US officials are becoming increasingly concerned that flaws in medical devices could be vulnerable to hacking attacks and potentially put the live of the patients using them at risk.
The US Department of Homeland Security [DHS] is poring over around two dozen instances of cyber-security flaws in medical devices and hospital equipment that could eventually be exploited for illicit means, a senior official told Reuters.
Among the devices being probed by the unit’s Industrial Control Systems Cyber Emergency Response Team [ICE-CERT] are implantable heart devices manufactured by Medtronic and St Jude Medical, and an infusion pump from Hospira, according to people familiar with the matter.
The DHS is already working with the companies involved to find the flaws and then patch up software bugs and other vulnerabilities before they fall prey to hackers or malicious actors.
"These are the things that shows like 'Homeland' are built from,” said the official, referring to the case of a fictional vice president of the US that is killed by a cyber attack in the TV show. "It isn't out of the realm of the possible to cause severe injury or death.”
The agency has been looking at healthcare equipment for the past two years and it comes after the country’s Food and Drug Administration [FDA] recently released guidelines for manufacturers and healthcare providers to make sure devices are secured.
In response to the claims, Hospira spokeswoman Tareta Adams didn’t allude specifically to its infusion pump, although she did confirm that the company is working on firming up the security of its products.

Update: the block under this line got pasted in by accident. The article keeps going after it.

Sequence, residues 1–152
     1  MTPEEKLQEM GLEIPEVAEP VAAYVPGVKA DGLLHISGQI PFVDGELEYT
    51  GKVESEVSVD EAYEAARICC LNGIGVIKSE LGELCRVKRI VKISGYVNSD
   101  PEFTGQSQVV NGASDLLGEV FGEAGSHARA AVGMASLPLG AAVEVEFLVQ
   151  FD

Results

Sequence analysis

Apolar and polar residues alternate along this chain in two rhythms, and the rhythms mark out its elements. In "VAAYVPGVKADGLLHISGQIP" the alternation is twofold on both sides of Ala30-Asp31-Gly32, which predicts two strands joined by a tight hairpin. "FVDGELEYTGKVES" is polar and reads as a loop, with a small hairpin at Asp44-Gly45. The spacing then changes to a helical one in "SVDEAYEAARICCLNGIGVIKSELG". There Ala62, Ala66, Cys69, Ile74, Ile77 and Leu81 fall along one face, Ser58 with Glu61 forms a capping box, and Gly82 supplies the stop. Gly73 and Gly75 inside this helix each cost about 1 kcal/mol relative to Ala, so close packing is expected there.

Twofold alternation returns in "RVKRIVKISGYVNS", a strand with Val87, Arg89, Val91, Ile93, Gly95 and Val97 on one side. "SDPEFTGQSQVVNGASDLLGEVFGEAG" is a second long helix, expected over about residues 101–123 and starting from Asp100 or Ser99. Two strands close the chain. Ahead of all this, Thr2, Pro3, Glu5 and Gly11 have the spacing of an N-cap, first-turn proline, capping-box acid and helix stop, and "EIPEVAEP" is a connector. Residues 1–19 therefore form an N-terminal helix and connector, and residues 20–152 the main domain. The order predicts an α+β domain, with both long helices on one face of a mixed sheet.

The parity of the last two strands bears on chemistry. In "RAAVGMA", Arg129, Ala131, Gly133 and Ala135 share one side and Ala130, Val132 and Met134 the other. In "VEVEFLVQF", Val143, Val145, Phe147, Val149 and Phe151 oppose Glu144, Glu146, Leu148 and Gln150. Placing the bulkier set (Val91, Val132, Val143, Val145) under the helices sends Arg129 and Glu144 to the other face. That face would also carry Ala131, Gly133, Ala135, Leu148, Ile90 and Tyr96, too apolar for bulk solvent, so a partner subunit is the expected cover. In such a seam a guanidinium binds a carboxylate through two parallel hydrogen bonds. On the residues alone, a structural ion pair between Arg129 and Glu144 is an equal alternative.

"Hospira has implemented software adjustments, distributed customer communications and made a commitment to evaluate other changes going forward, while ensuring we are not adversely impacting the ability of our devices to meet hospital and patient needs, and maintain compliance with FDA product requirements," Adams said in the statement.
One expert thinks that the threat posed by flaws of this ilk is negligible and that other problems with medical equipment, such as inconsistent user interfaces, are far more of a danger.
"We've got no documented cases of people being killed as a result of hacking of medical equipment, but there are many instances of people dying as a result of safety usability failures," said Ross Anderson, professor of security engineering at the University of Cambridge, told the BBC. "You can find instances of pumps from the same manufacturer where the up key and the down key might be '2' and '5' on one pump and '2' and '7' on another - the design of some medical equipment interfaces is as careless as the design of aircraft cockpits was in the 1930s.